Have the wacky weather changes lately driven you to a dark room and a pillow? They certainly do me in at times and my solutions include exactly that, hiding in my room with total quiet, total dark and the hopes that sleeping it off will work.
Sometimes that isn’t enough and for some it’s almost never enough. That’s why when I got the opportunity to interview Dr. Shapero, for Migraine Awareness Month about this very problem, I was intrigued. I have friends who have suffered (and some who in fact still do suffer) from chronic migraines and it is awful, my heart goes out to them. Learning more about them and how they can be dealt with I hope helps!
1. What are some of the common signs/triggers that a migraine is approaching that we should be aware of and why?
Changes in vision or hearing, called aura, may be present and come just before or just as the migraine begins. Some individuals have cravings for particular foods or excessive yawning, fatigue or agitation in what is sometimes referred to as the prodrome stage of migraine. This stage may precede the migraine attack by several hours.
A recent survey found the most common triggers of Chronic Migraine include: stress (77 per cent), sleep issues (63 per cent), changes in weather (53 per cent) and bright or flickering lights (52 per cent).
Other common triggers are:
· Physical exertion or activity
· Hormonal changes (in women)
· Skipping meals
· Perfume or odour
· Neck pain
2. What is actually happening in our heads during a migraine? And how do you discern a regular headache from a migraine?
During a migraine attack, there is a complicated interaction between the nerves and blood vessels in what is called the trigeminal neurovascular system which results in a dilation of the blood vessels, a release of sensory neuropeptides, such as substance P and CGRP, which then causes irritation of the nerves in that region and a transmission of that nerve irritation back to the brain resulting in a severe headache. Migraine is a specific type of headache with pain that can last anywhere from 4 hours up to 3 days.
· Pain is usually moderately to severely intense, throbbing or pulsating, and often occurring on one side of the head.
· Can be accompanied by nausea and/or vomiting, and sensitivity to light and sound.
· Can become aggravated (get worse) by routine physical activity (e.g., walking or climbing stairs).
· Changes in vision or hearing, called aura, may be present and come just before or just as the migraine begins.
An individual may be considered to be suffering from chronic migraine when he or she has headaches occurring 15 or more days per month of which 8 days or more have features of migraine, as described, for at least 3 months.
3. At what point should a patient go see a doctor about this?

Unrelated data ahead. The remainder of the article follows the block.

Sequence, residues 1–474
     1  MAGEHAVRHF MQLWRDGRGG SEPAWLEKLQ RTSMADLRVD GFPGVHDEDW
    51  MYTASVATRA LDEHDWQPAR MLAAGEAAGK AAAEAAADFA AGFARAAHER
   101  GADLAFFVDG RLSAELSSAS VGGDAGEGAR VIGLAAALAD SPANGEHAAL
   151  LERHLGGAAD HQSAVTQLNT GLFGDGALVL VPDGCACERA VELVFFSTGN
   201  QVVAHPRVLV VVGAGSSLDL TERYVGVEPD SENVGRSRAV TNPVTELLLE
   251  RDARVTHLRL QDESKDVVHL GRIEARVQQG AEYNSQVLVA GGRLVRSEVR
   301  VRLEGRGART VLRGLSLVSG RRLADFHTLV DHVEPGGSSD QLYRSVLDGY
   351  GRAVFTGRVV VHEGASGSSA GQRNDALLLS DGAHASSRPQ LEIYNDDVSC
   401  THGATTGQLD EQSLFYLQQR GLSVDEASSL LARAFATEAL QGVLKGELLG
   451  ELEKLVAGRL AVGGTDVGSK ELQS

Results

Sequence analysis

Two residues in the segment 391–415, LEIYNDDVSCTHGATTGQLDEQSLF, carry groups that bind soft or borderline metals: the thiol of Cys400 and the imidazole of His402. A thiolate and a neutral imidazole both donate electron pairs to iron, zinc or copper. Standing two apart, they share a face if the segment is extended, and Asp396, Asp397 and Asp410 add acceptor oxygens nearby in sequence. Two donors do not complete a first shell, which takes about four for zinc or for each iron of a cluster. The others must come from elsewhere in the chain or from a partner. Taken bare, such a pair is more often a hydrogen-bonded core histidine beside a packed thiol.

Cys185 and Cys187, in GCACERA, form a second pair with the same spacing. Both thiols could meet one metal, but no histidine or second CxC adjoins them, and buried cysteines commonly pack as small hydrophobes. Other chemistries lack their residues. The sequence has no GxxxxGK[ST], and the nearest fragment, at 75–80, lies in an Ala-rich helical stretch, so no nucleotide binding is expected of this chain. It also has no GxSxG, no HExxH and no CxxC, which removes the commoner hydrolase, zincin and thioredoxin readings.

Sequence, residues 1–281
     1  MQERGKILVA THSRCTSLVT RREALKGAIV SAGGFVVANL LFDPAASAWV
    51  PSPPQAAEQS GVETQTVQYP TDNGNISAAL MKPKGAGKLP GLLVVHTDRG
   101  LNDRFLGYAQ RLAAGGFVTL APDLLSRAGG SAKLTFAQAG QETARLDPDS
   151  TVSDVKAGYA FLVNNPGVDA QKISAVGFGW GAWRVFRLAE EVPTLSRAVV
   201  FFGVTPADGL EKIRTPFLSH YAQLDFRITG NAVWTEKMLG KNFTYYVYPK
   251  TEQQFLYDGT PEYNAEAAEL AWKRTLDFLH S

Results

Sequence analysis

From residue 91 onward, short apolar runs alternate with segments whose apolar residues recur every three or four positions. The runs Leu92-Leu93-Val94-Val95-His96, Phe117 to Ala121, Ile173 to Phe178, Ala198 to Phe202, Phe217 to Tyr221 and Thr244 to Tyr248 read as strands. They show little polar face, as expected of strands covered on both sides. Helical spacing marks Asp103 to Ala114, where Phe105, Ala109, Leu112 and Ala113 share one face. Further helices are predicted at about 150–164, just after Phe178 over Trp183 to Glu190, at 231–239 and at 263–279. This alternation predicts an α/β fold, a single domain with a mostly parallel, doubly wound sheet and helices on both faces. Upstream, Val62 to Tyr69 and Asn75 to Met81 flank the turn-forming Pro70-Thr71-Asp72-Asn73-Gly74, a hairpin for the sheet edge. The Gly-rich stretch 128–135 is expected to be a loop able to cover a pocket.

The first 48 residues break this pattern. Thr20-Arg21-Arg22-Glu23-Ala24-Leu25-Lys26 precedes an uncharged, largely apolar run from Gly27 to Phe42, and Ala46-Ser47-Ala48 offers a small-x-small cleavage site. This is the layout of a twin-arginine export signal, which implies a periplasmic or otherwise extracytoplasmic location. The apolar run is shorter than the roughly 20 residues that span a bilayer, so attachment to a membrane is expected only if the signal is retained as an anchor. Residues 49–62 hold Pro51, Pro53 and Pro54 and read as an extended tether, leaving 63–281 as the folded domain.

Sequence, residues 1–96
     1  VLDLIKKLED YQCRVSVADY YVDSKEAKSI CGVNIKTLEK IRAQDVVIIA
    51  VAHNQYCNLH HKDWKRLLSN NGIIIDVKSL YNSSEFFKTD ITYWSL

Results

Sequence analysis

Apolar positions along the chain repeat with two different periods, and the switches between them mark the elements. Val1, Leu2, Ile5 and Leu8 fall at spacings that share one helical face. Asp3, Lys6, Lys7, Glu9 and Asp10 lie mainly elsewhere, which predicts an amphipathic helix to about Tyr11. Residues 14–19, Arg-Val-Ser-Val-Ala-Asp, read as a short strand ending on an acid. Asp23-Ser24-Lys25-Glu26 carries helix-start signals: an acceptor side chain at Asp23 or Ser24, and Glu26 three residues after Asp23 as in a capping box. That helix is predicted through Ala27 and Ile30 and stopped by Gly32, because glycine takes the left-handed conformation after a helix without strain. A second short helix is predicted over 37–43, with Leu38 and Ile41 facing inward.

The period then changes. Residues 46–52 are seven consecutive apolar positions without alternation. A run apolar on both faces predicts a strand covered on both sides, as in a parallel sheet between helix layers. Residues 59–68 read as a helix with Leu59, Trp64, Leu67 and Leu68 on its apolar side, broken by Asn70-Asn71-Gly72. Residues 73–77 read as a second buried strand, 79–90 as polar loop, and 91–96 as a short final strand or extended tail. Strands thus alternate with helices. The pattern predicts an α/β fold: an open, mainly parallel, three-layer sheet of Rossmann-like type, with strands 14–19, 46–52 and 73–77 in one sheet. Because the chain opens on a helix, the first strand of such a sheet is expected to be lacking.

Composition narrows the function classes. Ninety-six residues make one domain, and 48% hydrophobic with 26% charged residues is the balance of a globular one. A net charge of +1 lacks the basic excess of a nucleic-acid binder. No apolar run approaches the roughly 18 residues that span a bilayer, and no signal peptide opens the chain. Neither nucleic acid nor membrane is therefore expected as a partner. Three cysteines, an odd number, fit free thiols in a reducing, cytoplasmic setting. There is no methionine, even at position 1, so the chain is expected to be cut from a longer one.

If headaches are present on more than one to 2 days per week and are not relieved by typical over-the-counter pain medications or if there are any unusual neurological events such as a loss of vision, confusion, altered sensation, or other neurological deficits, then individuals should either see their family physician or head to the nearest emergency department.
There may be many people out there that have Chronic Migraine but have yet to be diagnosed. Speak with a headache specialist.
If you think that you may have Chronic Migraine, you can visit http://www.mychronicmigraine.ca to download a simple-to-use migraine diary to record details of your migraine attacks to share with the doctor.
Once your condition has been diagnosed, there are many different treatment options available.
4. Are there things we can do when we feel one coming on to lessen the impact on ourselves, our work and families?
Have a plan of action. Know what medications you are planning to take and take them early into the migraine attack. Find a quiet and dark place to rest.
5. Do you have tips for shortening the length of them?
While there is no cure for Chronic Migraine, there are different types of treatment strategies or medications to manage migraine. It’s important for patients to talk to a doctor who has expertise in treating and diagnosing headaches to find out how acute, preventive and alternative treatments may benefit their type of migraine.
6. What age group are you finding is most commonly affected by migraines? Why do you think that is?
Women are more commonly affected than men by a ratio of 3-1. Adults from 20-50, in the most productive years of their life, tend to be most commonly affected.
7. If you could give one message to sufferers, what would it be?
If you have Chronic Migraine, you don’t need to suffer in silence. There are treatments and support available to help you manage your condition and more fully participate in and enjoy important life events. Talk to your family physician and potentially have a referral to a neurologist or headache specialist.
Thank you Dr. Shapero!
Now for a bonus for you all! As part of Migraine Awareness Month I am having a giveaway for a “Chronic Migraine Survival Kit” valued at over $200, including a sleep mask, herbal teas and a massage pad among other items that can be used to prevent the onset of migraines!
To enter simply leave a comment below. For a bonus second entry, like Nonmom on Facebook too and make sure you tell me who to look for to verify we’re FB buds!
Open to Canadians only, contest opens now and closes Monday May 20th at midnight EST. Good luck!!!
Filed under: Giveaway, Health, Life | Tagged: Dr. Shapero, headaches, migraine awareness month, migraines | 4 Comments »